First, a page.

Can Scleroderma Cause Hair Loss?

Hair loss is an alarming situation with a wide variety of causes. Both men and women are prone to hair loss and it can be a permanent damage. One of the causes of hair loss is scleroderma, which is a chronic disease of the connective tissue classified as an autoimmune rheumatic condition. It is derived from two Greek words that are “skelors”, which means hard and “derma”, which means skin. The fact that it is chronic means that it cannot be cured, but it can be managed through various treatment options. In scleroderma, the immune system works against itself, resulting in too much collagen formation. Scleroderma refers to hard skin and is characterized by thickening of the skin on the arms, legs, and trunk.

Can Scleroderma Cause Hair Loss?

Who Can Get Scleroderma?

Scleroderma can attack anyone including young children and older adults. However, the disease is most common in people who are between the ages of 35 and 50. On top of that, women are more susceptible to the condition than men.

Can Scleroderma Cause Hair Loss?

Hair loss is a secondary reaction to scleroderma in that the condition damages the scalp by the formation of a hard skin on the surface. The surface is often a patch with stiffened fibrous tissues and inflammation in the hair follicle. Scleroderma can occur as a single linear patch on the scalp or as multiple patches on different areas on the scalp. On these patches, the spot can either be completely bald or have some shorter thinned hair, which may be present for a while before the spot goes bald. This kind of hair loss is referred to as alopecia areata. Scleroderma can also cause hair loss on your eyebrows and eyelids.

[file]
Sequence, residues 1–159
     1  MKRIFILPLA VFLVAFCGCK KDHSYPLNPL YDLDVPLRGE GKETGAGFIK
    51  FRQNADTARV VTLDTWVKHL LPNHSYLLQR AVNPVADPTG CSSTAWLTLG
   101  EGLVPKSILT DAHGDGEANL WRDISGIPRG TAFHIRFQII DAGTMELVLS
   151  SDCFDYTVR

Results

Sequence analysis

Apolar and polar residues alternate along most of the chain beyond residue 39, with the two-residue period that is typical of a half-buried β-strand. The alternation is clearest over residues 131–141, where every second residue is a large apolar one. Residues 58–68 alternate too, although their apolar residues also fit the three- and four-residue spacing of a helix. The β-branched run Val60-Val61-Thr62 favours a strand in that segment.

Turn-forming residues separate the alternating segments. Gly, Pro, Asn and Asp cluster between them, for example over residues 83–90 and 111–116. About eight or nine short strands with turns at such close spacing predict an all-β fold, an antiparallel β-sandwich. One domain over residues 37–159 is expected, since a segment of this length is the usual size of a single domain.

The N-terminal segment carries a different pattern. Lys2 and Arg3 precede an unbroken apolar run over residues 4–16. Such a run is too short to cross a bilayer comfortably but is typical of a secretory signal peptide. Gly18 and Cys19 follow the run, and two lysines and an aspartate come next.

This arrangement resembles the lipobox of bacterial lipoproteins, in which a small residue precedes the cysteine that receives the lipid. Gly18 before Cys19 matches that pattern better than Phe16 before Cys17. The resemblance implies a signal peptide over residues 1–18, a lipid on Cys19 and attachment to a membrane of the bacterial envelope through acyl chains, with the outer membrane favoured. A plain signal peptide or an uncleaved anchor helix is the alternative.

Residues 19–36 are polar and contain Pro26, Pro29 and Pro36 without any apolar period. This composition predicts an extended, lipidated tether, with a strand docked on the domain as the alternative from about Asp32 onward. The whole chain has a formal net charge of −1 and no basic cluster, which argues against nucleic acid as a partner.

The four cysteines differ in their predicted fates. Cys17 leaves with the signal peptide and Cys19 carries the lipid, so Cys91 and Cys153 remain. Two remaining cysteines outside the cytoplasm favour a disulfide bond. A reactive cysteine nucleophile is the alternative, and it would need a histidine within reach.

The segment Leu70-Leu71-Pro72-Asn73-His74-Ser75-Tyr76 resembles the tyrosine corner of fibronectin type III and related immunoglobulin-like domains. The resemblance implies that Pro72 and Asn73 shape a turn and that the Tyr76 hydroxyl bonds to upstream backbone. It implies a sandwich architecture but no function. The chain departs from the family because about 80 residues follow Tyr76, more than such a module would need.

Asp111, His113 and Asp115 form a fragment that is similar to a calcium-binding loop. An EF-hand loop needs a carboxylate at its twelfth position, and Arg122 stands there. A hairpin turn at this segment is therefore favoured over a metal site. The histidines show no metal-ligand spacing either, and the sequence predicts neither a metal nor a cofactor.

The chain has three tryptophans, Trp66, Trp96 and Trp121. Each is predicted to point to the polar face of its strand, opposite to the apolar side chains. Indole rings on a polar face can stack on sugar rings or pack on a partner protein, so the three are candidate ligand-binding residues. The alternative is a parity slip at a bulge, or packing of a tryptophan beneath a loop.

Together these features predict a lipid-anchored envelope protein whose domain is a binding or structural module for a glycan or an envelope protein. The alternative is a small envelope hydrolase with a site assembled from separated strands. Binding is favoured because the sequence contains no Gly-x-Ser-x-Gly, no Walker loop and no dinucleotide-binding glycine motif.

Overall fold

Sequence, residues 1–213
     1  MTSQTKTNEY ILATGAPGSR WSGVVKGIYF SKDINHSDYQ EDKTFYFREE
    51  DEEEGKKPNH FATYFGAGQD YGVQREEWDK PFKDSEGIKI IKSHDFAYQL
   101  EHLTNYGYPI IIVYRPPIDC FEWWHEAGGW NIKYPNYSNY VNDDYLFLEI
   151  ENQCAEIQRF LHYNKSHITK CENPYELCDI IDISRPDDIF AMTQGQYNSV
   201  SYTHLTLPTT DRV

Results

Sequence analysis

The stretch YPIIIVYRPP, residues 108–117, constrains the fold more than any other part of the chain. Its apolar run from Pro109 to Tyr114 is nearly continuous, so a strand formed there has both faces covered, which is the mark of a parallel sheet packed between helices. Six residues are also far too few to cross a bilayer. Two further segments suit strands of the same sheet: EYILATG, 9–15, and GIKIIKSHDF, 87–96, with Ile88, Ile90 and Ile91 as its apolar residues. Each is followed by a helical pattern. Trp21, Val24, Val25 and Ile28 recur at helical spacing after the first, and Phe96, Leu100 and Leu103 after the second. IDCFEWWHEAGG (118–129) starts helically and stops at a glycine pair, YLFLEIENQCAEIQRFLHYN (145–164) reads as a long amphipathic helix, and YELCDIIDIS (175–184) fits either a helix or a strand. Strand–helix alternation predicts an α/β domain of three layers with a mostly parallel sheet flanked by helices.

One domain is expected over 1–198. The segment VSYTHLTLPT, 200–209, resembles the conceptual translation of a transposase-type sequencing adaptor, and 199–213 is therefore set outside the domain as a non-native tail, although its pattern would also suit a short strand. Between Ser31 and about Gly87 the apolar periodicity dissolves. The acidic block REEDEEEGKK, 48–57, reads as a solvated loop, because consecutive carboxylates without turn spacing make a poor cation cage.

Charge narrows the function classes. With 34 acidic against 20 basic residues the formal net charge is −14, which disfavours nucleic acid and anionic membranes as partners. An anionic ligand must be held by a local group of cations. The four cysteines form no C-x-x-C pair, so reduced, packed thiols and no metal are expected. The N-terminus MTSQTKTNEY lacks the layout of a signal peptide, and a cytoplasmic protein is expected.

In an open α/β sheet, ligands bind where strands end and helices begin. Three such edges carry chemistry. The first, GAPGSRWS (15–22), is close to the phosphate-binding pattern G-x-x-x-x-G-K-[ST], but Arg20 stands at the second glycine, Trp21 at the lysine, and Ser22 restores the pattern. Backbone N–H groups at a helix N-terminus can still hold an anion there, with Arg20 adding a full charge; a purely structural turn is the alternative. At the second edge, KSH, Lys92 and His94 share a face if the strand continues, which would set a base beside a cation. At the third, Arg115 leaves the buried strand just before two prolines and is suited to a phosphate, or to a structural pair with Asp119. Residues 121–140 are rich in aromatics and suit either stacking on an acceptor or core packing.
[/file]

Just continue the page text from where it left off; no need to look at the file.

The type of scleroderma that affects the skin and scalp is known as localized scleroderma. It manifests in different ways, and hair loss is just one of the indicating signs that a patient may be developing the condition. Some of the early symptoms of the disease include reddish patches that are made of thick skin and may take the form of an oval shape. The patches then turn white in the middle with pink-purple borders, which may result in hair loss, if they are on the scalp. At first, the symptoms may not be extreme, but as the condition worsens, the symptoms also become unbearable.

Other symptoms that you may experience with scleroderma include;

  • Small red spots on the chest and face.
  • Sores on fingertips as well as stiffened fingers and hands.
  • Painful or swollen joints, fingers, and toes.
  • Muscle weakness.
  • Hardened skin that appears shiny and smooth especially on the face and hands.
  • Highly sensitive toes and fingers that may change color with the cold.

Managing Scleroderma

If scleroderma is detected early enough, then some of the damage caused by the condition can be managed. There are various treatments which can ease the symptoms, but they will not cure the condition. Furthermore, it is a chronic illness that may be present for the rest of your life. Anti-inflammatory drugs and steroids offer a quick fix to the problem, which helps with the swellings and pain and offers relief to muscles and joints. You can also turn to skin treatments e.g. laser therapy which can help with the damaged skin. Exercising and eating healthier will also help in improving your overall health.


Scleroderma is a chronic autoimmune disorder, which leads to hardened skin due to the formation of excess collagen. The hardened skin can be seen in different areas of the body including the scalp, where the hair follicles become damaged. This results in hair loss in forms of patches on different areas of the scalp and can either be completely bald or not. It is important that you take sudden thinning or loss of hair as a warning sign of an arising problem, in this case, scleroderma. As much as the condition can be cured, a patient’s life can be improved by suppressing scleroderma symptoms.

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Team PainAssist
Team PainAssist
Written, Edited or Reviewed By: Team PainAssist, Pain Assist Inc. This article does not provide medical advice. See disclaimer
Last Modified On:June 20, 2019

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